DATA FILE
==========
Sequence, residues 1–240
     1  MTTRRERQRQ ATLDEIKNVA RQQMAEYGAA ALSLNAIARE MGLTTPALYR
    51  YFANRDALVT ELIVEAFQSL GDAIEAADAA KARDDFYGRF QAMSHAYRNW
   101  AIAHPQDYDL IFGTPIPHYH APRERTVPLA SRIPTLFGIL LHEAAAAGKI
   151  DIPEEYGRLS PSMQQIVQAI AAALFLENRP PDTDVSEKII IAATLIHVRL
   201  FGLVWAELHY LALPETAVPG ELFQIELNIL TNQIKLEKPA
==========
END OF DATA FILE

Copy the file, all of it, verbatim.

Sequence, residues 1–240
     1  MTTRRERQRQ ATLDEIKNVA RQQMAEYGAA ALSLNAIARE MGLTTPALYR
    51  YFANRDALVT ELIVEAFQSL GDAIEAADAA KARDDFYGRF QAMSHAYRNW
   101  AIAHPQDYDL IFGTPIPHYH APRERTVPLA SRIPTLFGIL LHEAAAAGKI
   151  DIPEEYGRLS PSMQQIVQAI AAALFLENRP PDTDVSEKII IAATLIHVRL
   201  FGLVWAELHY LALPETAVPG ELFQIELNIL TNQIKLEKPA